As you know, I have been a part of a group of alumni who have been trying to hold accountable the school Keith and I attended in Japan and the mission boards for the abuse that many children suffered in the dorms or at the school. It has been a difficult and exhausting process. It is easy to get stuck in us vs. them mentalities, it is easy to project and release anger on those who are currently in places of leadership and power, even though they were not directly responsible for what happened to us some 50 years ago. It is easy to get wrapped up in the anger and grief and forget that the people you are asking to take responsibility are just ordinary people, just like me.
As some of you have heard or read in the article I sent out that was published in Christianity Today, the alumni representatives, the attorney who led the investigation and the representatives of the school and the missions were able to overcome these natural barriers between us and come together and work together in a unique way that has been healing for all of us. There were several pivotal moments in this process that created this end result, but the most powerful one happened during a joint retreat attended by alumni and representatives of the school and the missions. Over the course of a couple days the alumni and the reps of the school and mission met separately preparing for a joint meeting. When that day finally came, the alumni started by telling their stories of abuse, the shame that they felt and the impact that abuse had on their lives. At some point one of the alumni described the Japanese practice for an apology which is to kneel down on the floor, placing your hands and forehead on the floor while apologizing. Next it was the representatives’ turn and impromptu, without any plan, one of them got down on the floor with his head on the floor and apologized, and the others followed, apologizing for the wrong that had been committed. In that moment new life could grow. In that moment something shifted – a stone was rolled away – and light pierced the darkness of shame and grief.
It took 50 years to get to that moment, but it happened.
But the inner work for me continues. I know I have shared about how my favorite teacher was found to have been complicit in silencing and hiding from teachers and parents, incidences of abuse. Unfortunately, he has never fully apologized. His response has been that he did the best he could and is sorry that it was not good enough. He is in his 90s now and just recently contacted Keith and me to see if he could swing by to talk with us. I could feel the rage building inside me and told Keith I didn’t think I could sit with him and contain that rage. Luckily, I was really sick on the day he arrived and Keith was able to arrange to take him to a restaurant.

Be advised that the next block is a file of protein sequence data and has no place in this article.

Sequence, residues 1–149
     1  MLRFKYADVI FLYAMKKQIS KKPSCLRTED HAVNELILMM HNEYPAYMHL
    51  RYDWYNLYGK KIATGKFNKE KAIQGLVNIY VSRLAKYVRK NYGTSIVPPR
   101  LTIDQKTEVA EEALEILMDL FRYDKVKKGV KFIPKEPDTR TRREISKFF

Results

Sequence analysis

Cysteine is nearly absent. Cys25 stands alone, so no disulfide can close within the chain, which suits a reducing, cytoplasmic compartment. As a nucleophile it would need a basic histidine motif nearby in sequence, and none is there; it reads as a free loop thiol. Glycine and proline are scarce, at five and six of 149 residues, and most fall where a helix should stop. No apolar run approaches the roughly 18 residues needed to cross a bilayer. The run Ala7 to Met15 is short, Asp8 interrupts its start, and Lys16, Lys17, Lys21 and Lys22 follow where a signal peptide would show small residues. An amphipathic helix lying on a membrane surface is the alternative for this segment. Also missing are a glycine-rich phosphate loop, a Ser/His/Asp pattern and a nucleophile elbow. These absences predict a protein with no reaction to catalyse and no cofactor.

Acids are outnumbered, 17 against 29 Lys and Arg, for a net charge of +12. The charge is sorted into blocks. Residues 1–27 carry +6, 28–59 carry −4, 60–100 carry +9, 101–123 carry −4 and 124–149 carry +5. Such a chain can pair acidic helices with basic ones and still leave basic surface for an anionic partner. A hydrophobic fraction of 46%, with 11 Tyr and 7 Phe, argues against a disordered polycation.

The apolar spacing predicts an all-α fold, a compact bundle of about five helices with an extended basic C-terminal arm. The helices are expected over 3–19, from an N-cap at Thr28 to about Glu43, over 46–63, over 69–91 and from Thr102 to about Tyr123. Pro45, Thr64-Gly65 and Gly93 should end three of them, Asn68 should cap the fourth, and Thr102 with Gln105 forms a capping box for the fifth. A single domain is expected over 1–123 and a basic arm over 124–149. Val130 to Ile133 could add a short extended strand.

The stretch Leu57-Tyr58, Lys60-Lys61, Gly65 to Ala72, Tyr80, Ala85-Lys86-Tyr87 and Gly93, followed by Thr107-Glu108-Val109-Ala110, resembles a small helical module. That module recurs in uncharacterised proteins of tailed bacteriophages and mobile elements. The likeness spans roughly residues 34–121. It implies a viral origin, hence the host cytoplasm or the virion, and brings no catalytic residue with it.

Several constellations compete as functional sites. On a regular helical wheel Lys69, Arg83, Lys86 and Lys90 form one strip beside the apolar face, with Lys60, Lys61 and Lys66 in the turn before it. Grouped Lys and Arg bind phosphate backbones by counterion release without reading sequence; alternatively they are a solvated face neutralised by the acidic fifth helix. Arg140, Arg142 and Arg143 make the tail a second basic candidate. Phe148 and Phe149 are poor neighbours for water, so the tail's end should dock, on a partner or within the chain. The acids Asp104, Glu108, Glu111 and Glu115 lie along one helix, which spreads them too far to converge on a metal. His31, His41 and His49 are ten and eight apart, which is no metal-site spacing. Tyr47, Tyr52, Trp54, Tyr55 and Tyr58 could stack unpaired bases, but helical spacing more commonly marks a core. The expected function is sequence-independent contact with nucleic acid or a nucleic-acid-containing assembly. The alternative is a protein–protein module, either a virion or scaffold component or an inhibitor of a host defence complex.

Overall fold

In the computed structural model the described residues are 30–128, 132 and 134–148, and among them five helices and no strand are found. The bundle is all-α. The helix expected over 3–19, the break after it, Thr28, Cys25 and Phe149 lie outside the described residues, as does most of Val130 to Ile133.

I have been holding this rage and this question about how to forgive someone who is not really contrite for more than 4 years. What is it that is keeping me from letting this go? Can I not entrust this to the one who will judge justly? Andersen’s question reverberates within me. Am I too comfortable with the way I am that I don’t want to become what I have the potential to be, a person who loves others and themselves unconditionally?
Whether we are ready or not, change is coming. The choices ahead of us as a country, as a church, and as individuals who profess to be followers of Jesus are huge. There will be change, but we can be a part of shaping and helping that change come into being. We have an opportunity here and now that might never come again. Are we willing to do the work to BEcome a different and better person, a different and better church, a different and better city, a different and better state, a different and better country, a different and better world?
Where do we start?
In my sermon from 3 years ago I quoted what the curators of the John Wesley Museum in Bristol, England created based on John Wesley’s’ teachings. Called the “Political Manifesto for Today,” I think it bears repeating (https://www.newroombristol.org.uk):
- Reduce the gap between rich and poor
- Seek to ensure full employment
- Introduce measures to help the poorest, including a living wage
- Offer the best possible education
- Empower individuals to feel they can make a difference
- Promote tolerance
- Promote equal treatment for women
- Create a society based on values and not on profits and consumerism
- End all forms of enslavement
- Avoid engaging in wars
- Avoid narrow self-interest and promote a world view
- Care for the animals with whom we share our planet.
What kind of manifesto would we as Seekers write? Are we ready to let go of our acedia and truly become the people we are meant to be?
It is possible, but only if we trust in the guidance, love and support of the Good Shepherd who is the guardian of our souls.
Christ is Risen!